I won't cover choosing the right camera (though one hint: research & choose yourself, don't accept anyone's word as to where a camera fits into the market – unless you're an encyclopedia of products, you won't know what's current & what's a year old), or negotiation strategies (though anyone who tells you that you have to accept the deal on the spot, ie. that you'll get a worse deal if you go away and come back later, should be audibly laughed at).

About that GST refund

BTW, the “standard” method of claiming the GST back as I mention above is to get it at the airport once you've got your boarding pass; if you go with that, remember that means you have to front that additional cash for the days that you're there.

The extension to this scheme is to basically move the refund half of the process up front – in the case of Sim Lind Square, when you buy from one of the many retailers participating in the ‘Tax Free’ scheme, you can take your receipt (including GST) down to the ‘Tax Free’ counter on the ground floor and get the refund there on the spot (after the serving person does a ridiculously long list of paperwork operations at high speed).

However, as that person will explain to you, you still need to get the bit of paper that said person gives you stamped at the place at the airport (much quicker of course than the whole refund process would be, but still another task for you to do).

So, if you don't have anything better to do after you've checked in, and have no pressing need to get the refund a couple of days earlier, you may find it better to just do the whole thing at the airport.

Without further ado

I bought myself a Canon Digital IXUS 860IS (or in America, the SD 870IS; don't confuse with the SD 850IS aka. IXUS 950IS – Canon's product naming department needs a swift smack upside the head).

Frankly, it's great. I would never have believed that a compact as small and light as this could produce unblurred shots as often as this little guy does in my ultra-shaky hands; and while it's not got about 2 features from my ‘prosumer’ era S60, it's got a lot of good stuff, and it's fast, has a big screen, decent battery life, and a good interface. Oh, and did I mention it has a 28mm equiv lens? I do like my 28mm photographamatising, so was pleased I was able to match the S60 in that regard.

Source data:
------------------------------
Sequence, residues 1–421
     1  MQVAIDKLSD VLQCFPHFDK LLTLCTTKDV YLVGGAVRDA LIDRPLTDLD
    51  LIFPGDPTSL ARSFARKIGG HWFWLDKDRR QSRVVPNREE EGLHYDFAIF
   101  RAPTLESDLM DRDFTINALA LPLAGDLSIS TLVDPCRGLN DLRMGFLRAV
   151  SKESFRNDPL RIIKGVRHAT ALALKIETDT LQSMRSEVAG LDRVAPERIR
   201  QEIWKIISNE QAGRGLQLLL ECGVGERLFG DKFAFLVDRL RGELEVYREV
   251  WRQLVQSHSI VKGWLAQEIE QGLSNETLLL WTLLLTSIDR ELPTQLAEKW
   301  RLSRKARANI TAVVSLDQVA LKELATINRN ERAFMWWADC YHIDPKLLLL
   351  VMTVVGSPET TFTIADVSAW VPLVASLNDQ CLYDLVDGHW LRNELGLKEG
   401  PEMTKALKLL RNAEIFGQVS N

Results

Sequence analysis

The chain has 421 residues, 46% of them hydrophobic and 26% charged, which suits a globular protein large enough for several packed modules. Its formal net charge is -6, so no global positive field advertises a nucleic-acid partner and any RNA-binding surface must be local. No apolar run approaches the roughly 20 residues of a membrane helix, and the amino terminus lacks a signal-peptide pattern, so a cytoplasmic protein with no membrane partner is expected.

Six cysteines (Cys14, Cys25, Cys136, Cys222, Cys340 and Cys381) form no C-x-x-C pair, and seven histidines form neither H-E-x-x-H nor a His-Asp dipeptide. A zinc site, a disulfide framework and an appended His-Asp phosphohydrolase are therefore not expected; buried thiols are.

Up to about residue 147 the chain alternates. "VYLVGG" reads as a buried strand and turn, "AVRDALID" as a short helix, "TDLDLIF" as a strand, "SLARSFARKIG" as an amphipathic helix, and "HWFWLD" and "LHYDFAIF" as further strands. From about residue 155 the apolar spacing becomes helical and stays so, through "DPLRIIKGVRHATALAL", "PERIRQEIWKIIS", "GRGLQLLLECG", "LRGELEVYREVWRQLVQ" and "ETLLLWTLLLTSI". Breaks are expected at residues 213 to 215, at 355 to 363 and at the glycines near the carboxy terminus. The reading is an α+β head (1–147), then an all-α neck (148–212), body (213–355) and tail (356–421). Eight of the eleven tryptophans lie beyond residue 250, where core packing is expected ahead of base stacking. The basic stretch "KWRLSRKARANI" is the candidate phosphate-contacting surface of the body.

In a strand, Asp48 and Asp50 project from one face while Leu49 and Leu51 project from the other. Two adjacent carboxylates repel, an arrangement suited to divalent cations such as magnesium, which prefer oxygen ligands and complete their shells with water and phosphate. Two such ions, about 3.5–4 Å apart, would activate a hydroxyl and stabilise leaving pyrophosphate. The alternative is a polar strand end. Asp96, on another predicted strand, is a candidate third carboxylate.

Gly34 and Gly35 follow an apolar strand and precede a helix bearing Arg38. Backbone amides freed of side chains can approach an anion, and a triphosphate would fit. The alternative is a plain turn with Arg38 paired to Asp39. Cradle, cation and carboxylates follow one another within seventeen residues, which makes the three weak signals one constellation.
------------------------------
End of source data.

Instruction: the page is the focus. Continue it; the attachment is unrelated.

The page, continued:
By the way, don't even worry about megapixels any more – any current generation camera has more pixels than the lens can noiselessly supply, so when you buy a 12MP camera, you're paying for something that won't produce higher quality photos (and in some situations will produce worse). 8MP is quite enough from a compact.

Anyway, these new Canon kiddies haven't quite hit the market outside near asia yet, so I'll hopefully write up a more detailed post about 'em soon (time permitting…), but for now, Canon IXUS 860IS: recommended.

In the end, I went not with the very cheapest place but with a fairly cheap one that was more upfront in their negotiating (giving me a bit confidence I wasn't being dicked in more subtle ways than I know about) and gave me a deal on the stuff I wanted (ie. a proper Sandisk memory card, not a crappy brand, and no lame case). Works out to about NZ$600, maybe a little more depending on the exact exchange rate Visa gives me.

Mmmm DSLRs

Also, I found it very, very, very hard to resist spending $300-400 more to get the new Nikon DSLR kit – a basic stabilised ~8MP DSLR + lens (14-68mm, IIRC) + misc bits. Obviously not a professional quality DSLR, but still… damn. You could take some nice photos on it!